As seen from the example below, The Kingdom of Copper delivers a very clean approach to this method by adding a button with a link to the Arabic story, and an English button in the Arabic story, at the beginning of the story. Notice that the button text is written in the target language for reader clarity and ease of use.

Side by side screenshots of a story in English and Arabic.
Like this example, add buttons to link readers to different language versions of a story.

Another element to the success of this bilingual story is the attention to detail. Although the content and images are virtually the same in both versions of the story, the builder applies subtle style differences to the story to accommodate language syntax. For instance, the images and media in the sidecar immersive blocks of the English version are arranged on the right and the text on the left, while opposite in the Arabic version, to accommodate the fact that English is read left to right and Arabic right to left. Number and date formats are also adjusted between languages. The Story settings options within the story builder allows an author to set an intended language and format dates and numbers accordingly for each individual story. Setting the correct language helps browser translation tools and screen readers work as expected.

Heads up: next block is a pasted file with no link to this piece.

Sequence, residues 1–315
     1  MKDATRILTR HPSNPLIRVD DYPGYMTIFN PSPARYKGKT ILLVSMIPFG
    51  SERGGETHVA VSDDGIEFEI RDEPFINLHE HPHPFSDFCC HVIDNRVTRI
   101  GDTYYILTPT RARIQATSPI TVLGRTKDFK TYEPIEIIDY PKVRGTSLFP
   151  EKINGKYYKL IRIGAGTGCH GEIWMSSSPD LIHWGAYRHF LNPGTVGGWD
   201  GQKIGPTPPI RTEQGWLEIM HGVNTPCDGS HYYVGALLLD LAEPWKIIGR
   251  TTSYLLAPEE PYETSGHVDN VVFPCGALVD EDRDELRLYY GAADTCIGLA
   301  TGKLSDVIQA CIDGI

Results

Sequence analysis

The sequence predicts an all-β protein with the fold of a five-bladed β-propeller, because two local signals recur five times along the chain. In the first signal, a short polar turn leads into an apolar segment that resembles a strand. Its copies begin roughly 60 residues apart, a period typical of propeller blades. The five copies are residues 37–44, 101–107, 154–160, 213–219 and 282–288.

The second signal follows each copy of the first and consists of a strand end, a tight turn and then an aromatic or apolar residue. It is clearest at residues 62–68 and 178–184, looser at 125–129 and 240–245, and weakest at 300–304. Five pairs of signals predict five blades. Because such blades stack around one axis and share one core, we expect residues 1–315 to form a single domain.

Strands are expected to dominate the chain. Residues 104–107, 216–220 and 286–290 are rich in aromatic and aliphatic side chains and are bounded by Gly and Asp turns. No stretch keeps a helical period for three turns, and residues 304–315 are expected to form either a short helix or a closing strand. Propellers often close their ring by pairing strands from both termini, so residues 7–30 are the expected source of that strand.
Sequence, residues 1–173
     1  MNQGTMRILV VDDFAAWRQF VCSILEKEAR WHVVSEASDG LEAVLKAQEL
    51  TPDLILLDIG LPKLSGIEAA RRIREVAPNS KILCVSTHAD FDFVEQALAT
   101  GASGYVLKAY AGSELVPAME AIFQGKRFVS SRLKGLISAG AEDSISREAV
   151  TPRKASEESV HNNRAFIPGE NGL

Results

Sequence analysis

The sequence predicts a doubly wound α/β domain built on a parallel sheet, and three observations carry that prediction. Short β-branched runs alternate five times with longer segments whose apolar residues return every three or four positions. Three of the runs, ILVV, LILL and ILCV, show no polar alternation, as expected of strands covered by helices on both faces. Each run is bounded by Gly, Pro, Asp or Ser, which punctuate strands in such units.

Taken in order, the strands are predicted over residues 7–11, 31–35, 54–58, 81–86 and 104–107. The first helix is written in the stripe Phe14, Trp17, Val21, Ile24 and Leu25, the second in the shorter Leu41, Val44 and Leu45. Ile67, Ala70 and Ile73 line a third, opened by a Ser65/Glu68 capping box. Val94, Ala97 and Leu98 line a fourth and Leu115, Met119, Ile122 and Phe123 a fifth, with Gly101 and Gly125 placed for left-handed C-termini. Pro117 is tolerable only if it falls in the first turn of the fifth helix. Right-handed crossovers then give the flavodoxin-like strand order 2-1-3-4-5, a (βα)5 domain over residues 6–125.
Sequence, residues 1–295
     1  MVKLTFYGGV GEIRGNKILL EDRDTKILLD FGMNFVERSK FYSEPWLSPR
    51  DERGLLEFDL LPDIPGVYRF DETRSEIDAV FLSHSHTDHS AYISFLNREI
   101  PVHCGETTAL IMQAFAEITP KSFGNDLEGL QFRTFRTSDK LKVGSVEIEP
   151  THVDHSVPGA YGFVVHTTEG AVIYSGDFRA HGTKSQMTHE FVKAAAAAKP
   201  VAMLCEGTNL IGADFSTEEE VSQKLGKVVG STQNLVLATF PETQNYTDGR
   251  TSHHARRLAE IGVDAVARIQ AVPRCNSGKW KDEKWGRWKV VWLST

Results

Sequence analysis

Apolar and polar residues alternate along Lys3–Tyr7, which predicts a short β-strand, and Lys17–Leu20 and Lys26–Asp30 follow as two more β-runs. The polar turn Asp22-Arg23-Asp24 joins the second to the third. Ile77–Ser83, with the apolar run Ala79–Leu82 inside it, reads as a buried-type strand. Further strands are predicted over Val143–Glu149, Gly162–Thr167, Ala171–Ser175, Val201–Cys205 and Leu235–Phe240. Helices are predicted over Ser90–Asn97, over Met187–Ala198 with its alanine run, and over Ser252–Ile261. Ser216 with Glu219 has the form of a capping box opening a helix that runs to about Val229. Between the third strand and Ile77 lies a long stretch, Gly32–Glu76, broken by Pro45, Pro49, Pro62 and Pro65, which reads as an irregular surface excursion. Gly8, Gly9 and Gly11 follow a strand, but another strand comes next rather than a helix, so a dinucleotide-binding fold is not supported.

Side by side comparison of two sidecar immersive block screenshots of Ariel terrain images, one with English text the other with Arabic text.
The story builder formats content according to language and supports various date and number formats.

The stories of Lands of Freedom take a similar two language paths approach to dual language storytelling, introducing a language choice in button form. However, it utilizes collections to tell its bilingual account over the span of several stories and offers a Dutch and English button in the collections’ first introductory story, respectively. This technique allows the reader to choose their language journey early on as they move through the six stories within each collection, reducing the possibility of the reader getting lost between language versions as they dive deeper into the collection.